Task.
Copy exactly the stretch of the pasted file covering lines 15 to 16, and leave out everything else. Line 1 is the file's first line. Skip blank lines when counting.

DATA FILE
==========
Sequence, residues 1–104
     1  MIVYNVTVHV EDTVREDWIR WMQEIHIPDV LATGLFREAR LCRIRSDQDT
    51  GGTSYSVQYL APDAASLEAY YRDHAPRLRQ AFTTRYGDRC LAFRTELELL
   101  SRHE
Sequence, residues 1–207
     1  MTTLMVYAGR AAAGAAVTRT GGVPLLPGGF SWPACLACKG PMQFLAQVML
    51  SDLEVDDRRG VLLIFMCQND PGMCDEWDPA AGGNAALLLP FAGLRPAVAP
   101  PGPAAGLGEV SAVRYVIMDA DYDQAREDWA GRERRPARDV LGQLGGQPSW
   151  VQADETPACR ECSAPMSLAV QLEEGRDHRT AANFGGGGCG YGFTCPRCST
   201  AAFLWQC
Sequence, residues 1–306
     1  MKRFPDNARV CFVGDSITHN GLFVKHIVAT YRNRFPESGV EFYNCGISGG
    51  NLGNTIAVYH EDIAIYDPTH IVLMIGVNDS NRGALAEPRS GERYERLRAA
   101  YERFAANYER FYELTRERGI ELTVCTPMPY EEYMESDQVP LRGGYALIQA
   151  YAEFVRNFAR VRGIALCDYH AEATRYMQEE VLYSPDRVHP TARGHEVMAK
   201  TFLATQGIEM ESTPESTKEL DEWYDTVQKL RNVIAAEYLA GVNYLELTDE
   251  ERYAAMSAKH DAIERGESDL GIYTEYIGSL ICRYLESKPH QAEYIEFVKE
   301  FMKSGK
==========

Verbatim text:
   151  YAEFVRNFAR VRGIALCDYH AEATRYMQEE VLYSPDRVHP TARGHEVMAK
   201  TFLATQGIEM ESTPESTKEL DEWYDTVQKL RNVIAAEYLA GVNYLELTDE